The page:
The governor of Sharqia province denied allegations by a relative of one of the patients that the deaths were caused by a lack of oxygen at the government-run intensive care unit treating COVID-19 patients. Gov. Mamdouh Ghorab said the patients died because they suffered chronic diseases in addition to the virus. The relative, who also filmed the video, offered no immediate evidence to back up their claim that the hospital ran out of oxygen.
Egypt, the Arab world’s most populous country with more than 100 million people, is facing a surge in confirmed virus cases and renewed calls for the government to impose a lockdown to contain a second wave of the pandemic.
The Sharqia prosecutor's office said they were investigating the deaths. The hospital director and doctors were being questioned, according to an official at the public prosecutor’s office in Cairo who spoke on condition of anonymity because they were not authorized to brief the media.
The four dead were two women in their 60s and two men, 76 and 44 years old, according to a local news outlet. There are currently 36 virus patients being treated at the hospital's isolation ward, the governor said.
The deaths follow similar allegations by a relative last week that two patients died because of a lack of oxygen at a government-run hospital elsewhere in the Nile Delta. Prosecutors in Menoufiya province have launched an investigation into the cause of the deaths Friday.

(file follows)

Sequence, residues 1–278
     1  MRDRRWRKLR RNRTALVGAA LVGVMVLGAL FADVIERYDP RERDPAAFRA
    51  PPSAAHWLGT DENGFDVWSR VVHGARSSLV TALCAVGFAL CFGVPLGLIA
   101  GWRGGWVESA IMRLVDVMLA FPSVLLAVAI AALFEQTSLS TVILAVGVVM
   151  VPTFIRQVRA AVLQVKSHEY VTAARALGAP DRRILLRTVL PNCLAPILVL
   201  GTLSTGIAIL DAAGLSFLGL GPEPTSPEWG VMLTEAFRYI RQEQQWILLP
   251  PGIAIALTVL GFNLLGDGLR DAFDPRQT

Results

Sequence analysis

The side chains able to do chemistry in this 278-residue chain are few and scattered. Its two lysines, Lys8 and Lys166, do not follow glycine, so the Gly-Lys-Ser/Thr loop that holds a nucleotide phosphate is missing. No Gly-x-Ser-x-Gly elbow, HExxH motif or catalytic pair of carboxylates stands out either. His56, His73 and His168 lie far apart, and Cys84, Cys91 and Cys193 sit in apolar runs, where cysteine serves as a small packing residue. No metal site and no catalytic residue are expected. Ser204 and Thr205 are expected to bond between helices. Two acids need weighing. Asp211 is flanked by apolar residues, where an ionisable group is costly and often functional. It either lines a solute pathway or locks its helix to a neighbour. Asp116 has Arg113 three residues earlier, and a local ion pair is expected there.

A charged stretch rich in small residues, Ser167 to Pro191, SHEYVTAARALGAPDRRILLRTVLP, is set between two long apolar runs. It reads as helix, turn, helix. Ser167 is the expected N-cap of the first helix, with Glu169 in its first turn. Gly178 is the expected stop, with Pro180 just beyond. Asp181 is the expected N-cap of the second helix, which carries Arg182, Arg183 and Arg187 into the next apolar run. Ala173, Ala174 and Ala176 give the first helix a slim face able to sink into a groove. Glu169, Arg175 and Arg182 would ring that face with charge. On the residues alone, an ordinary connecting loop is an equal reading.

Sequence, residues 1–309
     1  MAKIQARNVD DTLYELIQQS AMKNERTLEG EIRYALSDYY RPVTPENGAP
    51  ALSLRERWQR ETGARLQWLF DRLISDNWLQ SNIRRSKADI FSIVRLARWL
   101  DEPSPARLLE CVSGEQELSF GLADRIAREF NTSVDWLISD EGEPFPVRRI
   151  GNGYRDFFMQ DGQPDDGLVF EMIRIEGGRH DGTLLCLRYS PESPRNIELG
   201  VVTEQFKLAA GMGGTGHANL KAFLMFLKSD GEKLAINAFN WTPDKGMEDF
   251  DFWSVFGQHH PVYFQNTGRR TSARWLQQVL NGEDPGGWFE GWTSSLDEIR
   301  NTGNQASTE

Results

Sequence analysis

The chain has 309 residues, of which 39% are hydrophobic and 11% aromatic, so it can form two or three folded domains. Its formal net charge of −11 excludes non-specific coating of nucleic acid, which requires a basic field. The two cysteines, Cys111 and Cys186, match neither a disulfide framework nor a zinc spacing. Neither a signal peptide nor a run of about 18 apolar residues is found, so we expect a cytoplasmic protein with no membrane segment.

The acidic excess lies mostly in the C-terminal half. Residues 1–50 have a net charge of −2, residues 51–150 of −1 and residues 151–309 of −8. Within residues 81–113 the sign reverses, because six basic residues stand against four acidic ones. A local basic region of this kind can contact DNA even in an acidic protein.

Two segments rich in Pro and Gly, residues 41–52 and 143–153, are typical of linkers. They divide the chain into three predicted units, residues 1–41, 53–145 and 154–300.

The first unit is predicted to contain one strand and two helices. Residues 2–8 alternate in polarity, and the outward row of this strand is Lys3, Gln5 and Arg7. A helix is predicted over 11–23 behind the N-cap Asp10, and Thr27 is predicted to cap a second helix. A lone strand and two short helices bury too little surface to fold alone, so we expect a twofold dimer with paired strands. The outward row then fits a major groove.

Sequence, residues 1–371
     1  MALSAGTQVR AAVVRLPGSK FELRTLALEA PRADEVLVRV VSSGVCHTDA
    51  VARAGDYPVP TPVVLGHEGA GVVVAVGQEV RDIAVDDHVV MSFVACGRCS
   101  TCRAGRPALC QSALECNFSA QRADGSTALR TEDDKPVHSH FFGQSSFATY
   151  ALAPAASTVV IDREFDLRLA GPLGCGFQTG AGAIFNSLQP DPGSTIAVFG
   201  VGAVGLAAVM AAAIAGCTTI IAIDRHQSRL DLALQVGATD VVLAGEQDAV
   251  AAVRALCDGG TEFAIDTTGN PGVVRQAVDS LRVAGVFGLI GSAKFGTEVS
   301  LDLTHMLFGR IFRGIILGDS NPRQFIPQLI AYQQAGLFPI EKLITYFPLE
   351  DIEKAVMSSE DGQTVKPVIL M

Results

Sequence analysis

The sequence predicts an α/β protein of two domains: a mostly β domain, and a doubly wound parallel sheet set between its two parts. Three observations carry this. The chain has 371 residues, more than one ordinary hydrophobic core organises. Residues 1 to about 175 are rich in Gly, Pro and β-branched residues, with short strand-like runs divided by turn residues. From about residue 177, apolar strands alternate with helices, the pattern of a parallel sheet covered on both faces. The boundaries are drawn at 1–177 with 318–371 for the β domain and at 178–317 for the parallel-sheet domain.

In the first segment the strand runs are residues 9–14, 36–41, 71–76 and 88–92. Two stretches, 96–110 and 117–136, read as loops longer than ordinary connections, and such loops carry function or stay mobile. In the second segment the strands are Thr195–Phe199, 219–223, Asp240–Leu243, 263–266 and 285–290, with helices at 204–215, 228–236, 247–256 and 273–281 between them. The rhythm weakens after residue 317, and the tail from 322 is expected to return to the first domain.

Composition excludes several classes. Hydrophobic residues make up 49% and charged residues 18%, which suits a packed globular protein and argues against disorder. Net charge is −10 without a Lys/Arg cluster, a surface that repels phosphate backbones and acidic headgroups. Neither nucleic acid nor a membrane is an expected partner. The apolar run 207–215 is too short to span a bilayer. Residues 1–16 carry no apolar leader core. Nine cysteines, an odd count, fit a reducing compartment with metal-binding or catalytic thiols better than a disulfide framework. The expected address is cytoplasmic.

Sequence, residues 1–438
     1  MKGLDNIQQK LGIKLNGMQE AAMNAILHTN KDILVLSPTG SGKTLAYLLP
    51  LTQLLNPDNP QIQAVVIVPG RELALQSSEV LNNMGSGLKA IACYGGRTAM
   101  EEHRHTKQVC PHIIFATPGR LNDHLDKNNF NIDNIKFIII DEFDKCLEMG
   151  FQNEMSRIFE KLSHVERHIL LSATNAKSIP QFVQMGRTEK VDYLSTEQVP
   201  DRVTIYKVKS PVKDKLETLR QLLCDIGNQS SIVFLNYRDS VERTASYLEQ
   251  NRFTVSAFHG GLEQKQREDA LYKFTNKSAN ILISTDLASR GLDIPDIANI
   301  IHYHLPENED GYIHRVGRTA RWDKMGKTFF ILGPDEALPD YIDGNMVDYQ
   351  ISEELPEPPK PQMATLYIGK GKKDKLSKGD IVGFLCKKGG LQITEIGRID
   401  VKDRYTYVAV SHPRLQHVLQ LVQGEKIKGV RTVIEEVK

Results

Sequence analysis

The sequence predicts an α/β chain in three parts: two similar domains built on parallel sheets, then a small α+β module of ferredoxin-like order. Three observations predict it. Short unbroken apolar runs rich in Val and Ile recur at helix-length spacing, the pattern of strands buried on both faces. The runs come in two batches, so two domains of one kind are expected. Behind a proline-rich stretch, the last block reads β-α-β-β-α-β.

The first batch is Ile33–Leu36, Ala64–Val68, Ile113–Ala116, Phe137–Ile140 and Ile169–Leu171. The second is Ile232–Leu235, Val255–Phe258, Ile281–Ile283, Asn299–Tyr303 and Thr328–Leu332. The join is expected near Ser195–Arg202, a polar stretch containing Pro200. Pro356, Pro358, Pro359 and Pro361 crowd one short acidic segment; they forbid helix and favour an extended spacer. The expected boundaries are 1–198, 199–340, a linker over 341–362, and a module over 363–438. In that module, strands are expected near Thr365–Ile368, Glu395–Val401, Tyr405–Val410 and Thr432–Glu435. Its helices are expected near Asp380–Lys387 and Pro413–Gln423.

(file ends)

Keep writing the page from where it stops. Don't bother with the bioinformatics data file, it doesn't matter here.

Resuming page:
Finance Minister Mohamed Maait said last month that the government has contracted to purchase 20 million doses of the Pfizer/BioNTech vaccine and 30 million doses of the AstraZeneca vaccine, according to the state-run Al-Ahram daily.
Egypt has seen a spike in daily reported COVID-19 cases in recent weeks. The Health Ministry announced over 1,400 new cases and 54 deaths on Saturday, one of the highest official daily tallies since the start of the pandemic last year.
Overall, Egypt has reported 140,878 confirmed cases, including 7,741 deaths. However, the actual number of COVID-19 cases in Egypt are thought to be far higher, in part due to limited testing and uncounted patients who are being treated at home or in private hospitals.